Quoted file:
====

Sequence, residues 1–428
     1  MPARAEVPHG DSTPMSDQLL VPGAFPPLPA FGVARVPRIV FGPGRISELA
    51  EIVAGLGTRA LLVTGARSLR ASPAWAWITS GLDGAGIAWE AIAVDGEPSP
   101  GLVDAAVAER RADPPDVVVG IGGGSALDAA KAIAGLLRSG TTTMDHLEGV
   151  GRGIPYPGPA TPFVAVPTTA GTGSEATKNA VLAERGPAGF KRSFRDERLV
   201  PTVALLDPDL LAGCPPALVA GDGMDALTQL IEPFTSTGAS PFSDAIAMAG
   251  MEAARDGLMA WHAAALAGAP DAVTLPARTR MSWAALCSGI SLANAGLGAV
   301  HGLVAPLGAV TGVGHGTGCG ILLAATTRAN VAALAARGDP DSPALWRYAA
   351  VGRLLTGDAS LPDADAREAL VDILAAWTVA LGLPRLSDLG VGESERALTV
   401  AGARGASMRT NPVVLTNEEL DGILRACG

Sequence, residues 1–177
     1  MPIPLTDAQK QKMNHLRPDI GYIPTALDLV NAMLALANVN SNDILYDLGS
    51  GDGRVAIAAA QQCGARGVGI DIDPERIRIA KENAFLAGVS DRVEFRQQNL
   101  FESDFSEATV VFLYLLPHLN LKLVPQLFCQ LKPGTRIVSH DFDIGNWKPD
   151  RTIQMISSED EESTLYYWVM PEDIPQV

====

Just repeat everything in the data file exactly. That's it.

Sequence, residues 1–428
     1  MPARAEVPHG DSTPMSDQLL VPGAFPPLPA FGVARVPRIV FGPGRISELA
    51  EIVAGLGTRA LLVTGARSLR ASPAWAWITS GLDGAGIAWE AIAVDGEPSP
   101  GLVDAAVAER RADPPDVVVG IGGGSALDAA KAIAGLLRSG TTTMDHLEGV
   151  GRGIPYPGPA TPFVAVPTTA GTGSEATKNA VLAERGPAGF KRSFRDERLV
   201  PTVALLDPDL LAGCPPALVA GDGMDALTQL IEPFTSTGAS PFSDAIAMAG
   251  MEAARDGLMA WHAAALAGAP DAVTLPARTR MSWAALCSGI SLANAGLGAV
   301  HGLVAPLGAV TGVGHGTGCG ILLAATTRAN VAALAARGDP DSPALWRYAA
   351  VGRLLTGDAS LPDADAREAL VDILAAWTVA LGLPRLSDLG VGESERALTV
   401  AGARGASMRT NPVVLTNEEL DGILRACG

Sequence, residues 1–177
     1  MPIPLTDAQK QKMNHLRPDI GYIPTALDLV NAMLALANVN SNDILYDLGS
    51  GDGRVAIAAA QQCGARGVGI DIDPERIRIA KENAFLAGVS DRVEFRQQNL
   101  FESDFSEATV VFLYLLPHLN LKLVPQLFCQ LKPGTRIVSH DFDIGNWKPD
   151  RTIQMISSED EESTLYYWVM PEDIPQV